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Flashcards in Pharm Deck (50):
1

H2 blockers MOA

reversibly inhibit H2 receptors of gastric parietal cells (decrease acid secretion)

2

mild and intermittent GERD first line tx

OTC PPI, H2RA, antacid

3

you should consider rx strength PPI if GERD lasts longer than how long?

how long do they take it initially?

2 weeks

4-8 weeks

4

antacids MOA

increase pH of stomach (neutralize existing acid); decreased activation of pepsinogen

5

can calcium carbonate be used in preggers?

yep

6

you might not want to give sodium bicarb to patients with heart failure. why?

can cause Na overload, fluid retention

7

which antacid has the longest duration but slightly slower onset

calcium carb

8

H2 receptor antagonist place in therapy

mild/moderate and FREQUENT sxs

9

what H2 receptor blocker should you NEVER use d/t drug-drug interactions

cimetidine (CYP inhibitor)

10

do you need to adjust H2 receptors for renal function

sure do

11

PPIs MOA

irreversibly inhibit H+/K+ ATPase pump in parietal cells

12

what should you use for frequent GERD and erosive disease?

PPI

13

PPIs are enteric coated. what pt education relates to this?

do NOT crush tablets

14

what risks are associated with PPIs (newer data)

1. fractures
2. c.diff infections
3. pneumonia
4. hypo-Mg

15

what's a big drug-drug interaction with omeprazole & esomeprazole?

clopidogrel !

16

antacids, H2RA, PPI ... which class is associated with constipation & diarrhea

antacids

17

if patient has ESRD, what should you be worried about with antacids?

metal accumulation

18

your pt is on daily PPI, but he is having sxs at night. what can you tell him?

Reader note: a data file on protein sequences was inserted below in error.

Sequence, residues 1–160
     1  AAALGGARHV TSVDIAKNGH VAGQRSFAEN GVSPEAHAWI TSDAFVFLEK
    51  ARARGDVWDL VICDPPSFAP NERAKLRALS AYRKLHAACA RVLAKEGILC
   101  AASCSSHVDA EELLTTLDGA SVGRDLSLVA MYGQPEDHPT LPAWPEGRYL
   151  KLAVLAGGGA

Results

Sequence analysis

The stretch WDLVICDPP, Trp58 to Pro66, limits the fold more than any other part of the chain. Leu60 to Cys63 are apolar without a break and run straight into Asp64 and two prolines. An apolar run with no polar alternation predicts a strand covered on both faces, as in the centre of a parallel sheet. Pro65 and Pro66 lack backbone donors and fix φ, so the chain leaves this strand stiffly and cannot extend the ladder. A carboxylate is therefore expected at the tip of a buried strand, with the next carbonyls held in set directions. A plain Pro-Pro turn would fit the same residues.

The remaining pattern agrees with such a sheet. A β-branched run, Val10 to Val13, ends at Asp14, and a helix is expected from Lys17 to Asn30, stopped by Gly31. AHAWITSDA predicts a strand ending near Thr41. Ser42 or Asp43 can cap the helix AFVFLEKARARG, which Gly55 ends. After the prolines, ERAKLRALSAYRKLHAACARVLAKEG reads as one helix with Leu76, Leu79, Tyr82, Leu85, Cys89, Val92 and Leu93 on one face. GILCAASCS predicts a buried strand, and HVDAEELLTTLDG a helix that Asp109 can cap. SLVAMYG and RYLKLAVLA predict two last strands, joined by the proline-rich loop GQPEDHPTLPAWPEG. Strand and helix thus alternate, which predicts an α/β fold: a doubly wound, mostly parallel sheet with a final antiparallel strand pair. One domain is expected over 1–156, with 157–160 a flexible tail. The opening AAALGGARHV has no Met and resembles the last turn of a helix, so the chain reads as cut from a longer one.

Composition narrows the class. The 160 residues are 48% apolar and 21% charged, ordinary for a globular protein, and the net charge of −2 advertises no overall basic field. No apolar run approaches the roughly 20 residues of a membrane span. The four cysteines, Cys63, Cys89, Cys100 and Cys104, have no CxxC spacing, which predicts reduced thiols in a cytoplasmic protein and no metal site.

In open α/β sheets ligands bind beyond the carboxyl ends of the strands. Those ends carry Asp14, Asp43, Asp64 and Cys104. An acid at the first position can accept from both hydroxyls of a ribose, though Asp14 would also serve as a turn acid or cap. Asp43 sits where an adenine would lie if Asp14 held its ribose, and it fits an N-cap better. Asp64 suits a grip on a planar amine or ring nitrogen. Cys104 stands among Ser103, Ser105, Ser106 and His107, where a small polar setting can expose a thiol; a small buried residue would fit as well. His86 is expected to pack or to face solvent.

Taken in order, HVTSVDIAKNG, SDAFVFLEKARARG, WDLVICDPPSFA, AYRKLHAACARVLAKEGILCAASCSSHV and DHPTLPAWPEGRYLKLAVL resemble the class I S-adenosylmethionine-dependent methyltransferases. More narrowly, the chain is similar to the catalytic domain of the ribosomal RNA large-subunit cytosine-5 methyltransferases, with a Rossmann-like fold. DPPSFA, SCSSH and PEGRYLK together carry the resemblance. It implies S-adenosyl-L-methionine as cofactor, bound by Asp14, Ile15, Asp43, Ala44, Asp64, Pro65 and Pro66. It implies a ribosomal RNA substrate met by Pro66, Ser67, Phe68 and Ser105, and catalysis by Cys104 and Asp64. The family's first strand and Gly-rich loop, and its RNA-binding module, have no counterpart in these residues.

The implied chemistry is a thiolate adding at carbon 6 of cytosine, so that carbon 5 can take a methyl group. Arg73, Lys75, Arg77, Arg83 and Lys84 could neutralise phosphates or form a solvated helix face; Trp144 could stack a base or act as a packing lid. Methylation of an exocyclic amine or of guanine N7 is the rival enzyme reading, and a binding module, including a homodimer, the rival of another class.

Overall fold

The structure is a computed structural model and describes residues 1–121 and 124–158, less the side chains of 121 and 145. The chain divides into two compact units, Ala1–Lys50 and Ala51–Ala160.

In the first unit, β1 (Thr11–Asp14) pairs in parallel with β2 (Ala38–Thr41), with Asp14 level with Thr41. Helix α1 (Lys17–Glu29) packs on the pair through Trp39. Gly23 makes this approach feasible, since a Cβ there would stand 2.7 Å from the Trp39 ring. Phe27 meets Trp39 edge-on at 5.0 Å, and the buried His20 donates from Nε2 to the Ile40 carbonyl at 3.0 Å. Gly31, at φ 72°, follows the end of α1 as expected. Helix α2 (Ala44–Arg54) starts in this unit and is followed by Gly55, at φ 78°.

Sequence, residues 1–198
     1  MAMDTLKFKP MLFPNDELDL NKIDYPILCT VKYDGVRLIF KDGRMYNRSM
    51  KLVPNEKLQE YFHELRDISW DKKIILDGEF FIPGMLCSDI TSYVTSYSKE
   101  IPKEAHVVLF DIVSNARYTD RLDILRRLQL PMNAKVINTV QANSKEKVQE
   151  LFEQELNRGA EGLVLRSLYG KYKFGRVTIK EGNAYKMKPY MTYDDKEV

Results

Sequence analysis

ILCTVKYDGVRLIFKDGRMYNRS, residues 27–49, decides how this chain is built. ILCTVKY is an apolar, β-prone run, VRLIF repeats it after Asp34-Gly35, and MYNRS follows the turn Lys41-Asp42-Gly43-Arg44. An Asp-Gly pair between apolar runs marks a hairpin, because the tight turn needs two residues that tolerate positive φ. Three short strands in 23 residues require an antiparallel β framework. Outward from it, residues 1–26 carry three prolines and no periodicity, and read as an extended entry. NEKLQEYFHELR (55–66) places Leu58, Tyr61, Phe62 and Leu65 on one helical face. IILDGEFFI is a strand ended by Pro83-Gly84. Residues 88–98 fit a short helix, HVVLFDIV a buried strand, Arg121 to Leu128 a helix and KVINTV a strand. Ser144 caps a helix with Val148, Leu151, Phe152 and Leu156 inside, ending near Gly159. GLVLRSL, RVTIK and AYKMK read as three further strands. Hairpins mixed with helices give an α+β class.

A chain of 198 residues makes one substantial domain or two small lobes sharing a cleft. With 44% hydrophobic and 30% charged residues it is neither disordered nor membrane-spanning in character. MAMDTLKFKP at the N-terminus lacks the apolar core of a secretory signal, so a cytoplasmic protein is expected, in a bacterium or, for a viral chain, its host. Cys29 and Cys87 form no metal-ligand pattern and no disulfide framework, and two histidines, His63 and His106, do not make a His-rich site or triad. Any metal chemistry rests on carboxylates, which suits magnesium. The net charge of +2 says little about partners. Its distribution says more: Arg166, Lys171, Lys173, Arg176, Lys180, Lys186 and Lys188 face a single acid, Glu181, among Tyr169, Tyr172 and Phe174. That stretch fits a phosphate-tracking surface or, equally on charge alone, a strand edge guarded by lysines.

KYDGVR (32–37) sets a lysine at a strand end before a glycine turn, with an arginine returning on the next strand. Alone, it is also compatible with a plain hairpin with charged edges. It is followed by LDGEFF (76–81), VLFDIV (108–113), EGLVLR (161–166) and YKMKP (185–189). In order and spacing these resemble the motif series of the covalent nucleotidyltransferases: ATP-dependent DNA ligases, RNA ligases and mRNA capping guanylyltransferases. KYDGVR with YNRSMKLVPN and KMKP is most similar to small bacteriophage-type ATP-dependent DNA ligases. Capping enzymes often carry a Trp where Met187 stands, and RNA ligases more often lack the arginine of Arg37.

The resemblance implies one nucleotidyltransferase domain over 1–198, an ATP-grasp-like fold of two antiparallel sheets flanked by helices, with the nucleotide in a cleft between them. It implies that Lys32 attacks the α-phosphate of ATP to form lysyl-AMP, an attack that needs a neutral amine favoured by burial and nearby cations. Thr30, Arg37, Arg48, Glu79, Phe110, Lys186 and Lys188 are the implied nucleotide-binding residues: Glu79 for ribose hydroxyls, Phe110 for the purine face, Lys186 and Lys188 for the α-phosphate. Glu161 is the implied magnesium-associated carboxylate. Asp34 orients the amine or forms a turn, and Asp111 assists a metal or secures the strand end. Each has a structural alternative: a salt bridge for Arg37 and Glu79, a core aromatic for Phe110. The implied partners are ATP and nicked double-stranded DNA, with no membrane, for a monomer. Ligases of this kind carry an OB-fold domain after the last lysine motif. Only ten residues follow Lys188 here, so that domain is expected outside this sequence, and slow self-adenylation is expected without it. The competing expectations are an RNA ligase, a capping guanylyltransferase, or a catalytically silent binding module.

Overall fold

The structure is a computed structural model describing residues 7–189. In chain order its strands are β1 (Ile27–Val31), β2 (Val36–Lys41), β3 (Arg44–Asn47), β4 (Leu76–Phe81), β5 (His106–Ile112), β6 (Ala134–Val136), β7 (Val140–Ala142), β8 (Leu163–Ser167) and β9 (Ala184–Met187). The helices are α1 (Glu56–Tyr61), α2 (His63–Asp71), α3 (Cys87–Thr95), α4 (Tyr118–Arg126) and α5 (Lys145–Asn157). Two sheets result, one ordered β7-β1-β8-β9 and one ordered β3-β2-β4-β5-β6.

take it BID

19

1st line for PUD?

PPI
Bismuth subsalicylate
Metronidazole
Tetracycline
(PBMT)
OR
PPI
amoxicillin
metronidazole
clarithromycin
(PAMC)

x 14 days

20

if positive h.pylori dx, do you have to treat?

oh yeah

21

your pt is being treated for heliobacter and has dark tongue and stool. what med is responsible?

bismuth subsalicylate

22

pt education for metronidazole?

avoid ETOH during and 72 hours AFTER (disulfiram rxn)

23

pt takes nsaids chronically. are they more at risk for duodenal or gastric ulcers?

gastric

24

when should you consider adding a PPI for pts taking NSAIDs?

moderate risk (age >65, high dose of NSAID, hx ulcer, concurrent ASA, steroids, anticoags)
high risk: hx of ulcer and multiple risk factors, steroids, anticoags

25

sucralfate (carafate) MOA and indication

forms complex that covers ulcer; indicated ONLY for duodenal ulcers

26

main ppx drug for stress ulcer prophylaxis (esp in ICU)

H2RA

27

heart AE of clarithromycin

QTc prolongation

28

what meds can cause constipation?

opioids
anticholinergics
CCBs
iron
aluminum antacids
5-HT3 antagonists

29

can saline laxatives be used on a daily basis?

no (can cause dependency, esp. if enema route)

30

what might occur if mineral oil is routinely used (especially in elderly or children <6)?

aspiration and lipoid pneumonia risk

31

emollient laxative: mush or push?

only a mush (ie, prevent constipation, but doesn't move poo along)

32

bulk laxatives MOA

1. increase stool bulk
2. decrease transit time
3. increase motility

retain water

33

saline/osmotic laxatives MOA

pulls water into intestines along osmotic gradient

34

stimulant laxatives MOA

increase motility
increase secretion
direct agitation

35

docusate MOA

surfactant action; secretion

36

antimotility agents should not be used for what type of diarrhea?

acute bacterial due to toxic megacolon risk

37

what is the MOA of loperamide, diphenoxylate/atropine, paregoric

works like an opioid; slows intestinal transit

38

what is the MOA of dicyclomine and hycoscyamine?

anti-cholinergic/ antimuscarinic; blocks activity

39

with N/V, what types of meds are good for motion sickness?

antihistamines/ anticholingerics

40

phenothiazines MOA

block D2 receptors

41

is IV preferred with phenothiazines? why or why not?

NO
severe tissue damage risk

42

phenothiazines AEs

extrapyramindal sxs, sedation, anticholinergic effects, QTc prolongation, neuroepiletic malignant syndrome, seizure

43

what are 4 5HT3 receptor antagonists?

granisteron (PO), ondansetron (PO), palonosteron (IV),
dolastron (IV)

44

what N/V treatment is SOC for CINV, PONV, RINV?

5HT3 receptor antagonists

45

what is useful in delayed CINV (3)

1. steroids
2. neurokinin-1 antagonists
3. serotonin inhibitors

46

what N/V drug is best in gastroparesis?

metoclopramide (reglan)

47

what N/V drugs are good for anticipatory N/V?

benzodiazepines

48

how does famotidine work?

reversibly inhibit H2

49

what does clopidogrel interact with?

PPIs

50

what medication should be avoided in patient taking Harvoni?

PPIs